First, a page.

The American Civil Liberties Union (ACLU), along with a number of other groups, sent a letter to Barack Obama last week that asked the 44th president to commute Chelsea Manning’s sentence for disclosing classified material. Manning is currently in the seventh year of a 35-year sentence at the United States Disciplinary Barracks at Fort Leavenworth. The White House reportedly already declined to comment on the ACLU letter at a daily press briefing last week. However, the White House may still be forced into issuing a formal response on this matter thanks to a separate petition drive set up on Whitehouse.gov back November.
In a tweet published on Sunday, Manning referenced the petition and noted that it has now surpassed the 100,000 signature threshold that may require a White House response within 60 days.
— Chelsea Manning (@xychelsea) December 11, 2016
With We the People, you can easily create a petition online, share it, and collect signatures. If you gather 100,000 signature in 30 days, we’ll review your petition, make sure it gets in front of the appropriate policy experts, and issue an official response.
. . .
Once the petition reaches the required threshold, it will be put in a queue to be reviewed by the White House. Others can still sign the petition while it is awaiting a response. When the White House responds, everyone who has signed the petition will get email from the White House to let you know that we’ve reviewed and responded to the petition.
The terms of the website say they will do their best to provide an official response within 60 days of a petition obtaining the threshold 100,000 signatures.
The Manning petition clearly surpassed the 100,000 signature threshold, but does that mean the White House will respond?
It seems rather doubtful that the White House will respond, despite the petition surpassing the threshold number. Here is why:
There is caveat in the terms on the “We the People” website that says, “In some cases, the White House response might not address the facts of a particular matter to avoid the appearance of improper influence (such as in specific procurement, law enforcement or adjudicatory matters).”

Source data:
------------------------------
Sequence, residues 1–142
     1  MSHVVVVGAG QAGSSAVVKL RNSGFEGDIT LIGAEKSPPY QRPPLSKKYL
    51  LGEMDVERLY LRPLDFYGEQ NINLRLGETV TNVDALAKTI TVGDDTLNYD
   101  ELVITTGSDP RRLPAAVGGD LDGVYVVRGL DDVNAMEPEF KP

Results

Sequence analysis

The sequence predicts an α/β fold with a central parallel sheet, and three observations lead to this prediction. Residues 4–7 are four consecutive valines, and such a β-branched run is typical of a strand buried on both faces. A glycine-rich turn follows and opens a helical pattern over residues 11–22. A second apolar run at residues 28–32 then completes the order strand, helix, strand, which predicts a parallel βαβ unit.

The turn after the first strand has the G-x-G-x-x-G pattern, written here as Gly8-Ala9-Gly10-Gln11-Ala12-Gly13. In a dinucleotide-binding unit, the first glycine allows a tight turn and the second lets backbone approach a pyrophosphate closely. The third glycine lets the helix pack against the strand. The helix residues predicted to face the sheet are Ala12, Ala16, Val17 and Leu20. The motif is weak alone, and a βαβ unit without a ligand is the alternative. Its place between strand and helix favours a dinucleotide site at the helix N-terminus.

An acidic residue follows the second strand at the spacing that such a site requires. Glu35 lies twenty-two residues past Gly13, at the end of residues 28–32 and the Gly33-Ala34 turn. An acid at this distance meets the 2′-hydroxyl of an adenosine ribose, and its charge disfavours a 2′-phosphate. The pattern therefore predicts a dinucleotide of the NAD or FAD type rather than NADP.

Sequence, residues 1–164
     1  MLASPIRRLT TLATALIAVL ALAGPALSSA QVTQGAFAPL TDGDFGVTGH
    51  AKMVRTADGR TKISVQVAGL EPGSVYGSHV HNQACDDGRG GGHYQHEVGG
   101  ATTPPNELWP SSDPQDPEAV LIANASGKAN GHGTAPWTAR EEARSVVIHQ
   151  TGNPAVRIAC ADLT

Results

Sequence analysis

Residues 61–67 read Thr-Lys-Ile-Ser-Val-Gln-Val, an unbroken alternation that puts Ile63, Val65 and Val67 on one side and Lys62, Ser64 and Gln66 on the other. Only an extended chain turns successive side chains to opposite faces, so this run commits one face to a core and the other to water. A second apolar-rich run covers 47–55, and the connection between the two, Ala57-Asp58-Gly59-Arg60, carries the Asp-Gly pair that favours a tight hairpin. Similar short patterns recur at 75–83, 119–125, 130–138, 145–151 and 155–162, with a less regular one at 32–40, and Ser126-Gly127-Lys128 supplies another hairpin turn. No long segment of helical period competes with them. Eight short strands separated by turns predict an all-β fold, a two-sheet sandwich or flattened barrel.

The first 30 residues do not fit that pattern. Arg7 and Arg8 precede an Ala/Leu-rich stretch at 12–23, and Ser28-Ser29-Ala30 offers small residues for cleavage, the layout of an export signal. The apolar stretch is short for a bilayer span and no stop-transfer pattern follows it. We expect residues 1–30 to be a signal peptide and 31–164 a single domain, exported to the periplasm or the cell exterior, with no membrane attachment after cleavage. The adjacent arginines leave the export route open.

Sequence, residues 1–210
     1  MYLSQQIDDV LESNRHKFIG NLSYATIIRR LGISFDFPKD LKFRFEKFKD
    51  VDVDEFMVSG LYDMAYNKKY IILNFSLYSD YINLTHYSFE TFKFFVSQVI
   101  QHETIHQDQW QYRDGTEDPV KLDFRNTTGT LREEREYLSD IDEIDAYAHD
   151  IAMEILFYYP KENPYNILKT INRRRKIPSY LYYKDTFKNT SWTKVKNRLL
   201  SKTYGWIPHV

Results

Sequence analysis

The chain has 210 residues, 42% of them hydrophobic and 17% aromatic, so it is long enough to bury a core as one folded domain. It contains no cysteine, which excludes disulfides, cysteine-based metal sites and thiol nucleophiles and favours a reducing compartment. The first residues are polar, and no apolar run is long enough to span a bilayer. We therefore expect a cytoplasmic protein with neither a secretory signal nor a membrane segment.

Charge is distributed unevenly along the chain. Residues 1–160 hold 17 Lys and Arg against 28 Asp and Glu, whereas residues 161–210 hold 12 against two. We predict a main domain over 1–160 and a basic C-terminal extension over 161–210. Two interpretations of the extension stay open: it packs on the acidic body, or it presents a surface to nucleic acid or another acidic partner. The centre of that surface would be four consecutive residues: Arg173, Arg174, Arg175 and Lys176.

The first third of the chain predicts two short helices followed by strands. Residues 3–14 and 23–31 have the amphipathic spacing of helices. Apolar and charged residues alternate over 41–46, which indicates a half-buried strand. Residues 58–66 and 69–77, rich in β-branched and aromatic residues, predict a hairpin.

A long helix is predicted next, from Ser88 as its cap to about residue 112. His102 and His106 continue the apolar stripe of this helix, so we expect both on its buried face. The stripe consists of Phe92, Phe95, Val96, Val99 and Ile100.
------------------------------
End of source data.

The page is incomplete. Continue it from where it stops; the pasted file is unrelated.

According to NBC News, Manning’s legal team formally petitioned President Obama last month to commute Manning’s sentence. To date, there is no indication that the Obama White House has made a decision on that request. Therefore, Manning’s case would likely fall under the caveat where the White House does not have to respond in order “to avoid the appearance of improper influence” in “adjudicatory matters.”
The White House likely relied on this same basic principle to avoid commenting on the recent ACLU letter too.
There is also one more potential “out” for the Obama White House to avoid commenting on this matter and that is the inauguration of Donald Trump is just 39 days way. In theory, it is possible the Obama White House just runs out the clock, delaying a response until Trump takes over the White House.
At that point, it is pretty much anyone’s guess as to what will happen with pending “We the People” petitions. There is no guarantee Trump will continue the practice of responding to these petitions in his administration.
LawNewz.com reached out to the ACLU to ask for their thoughts on this issue and we will update this article when we receive a response.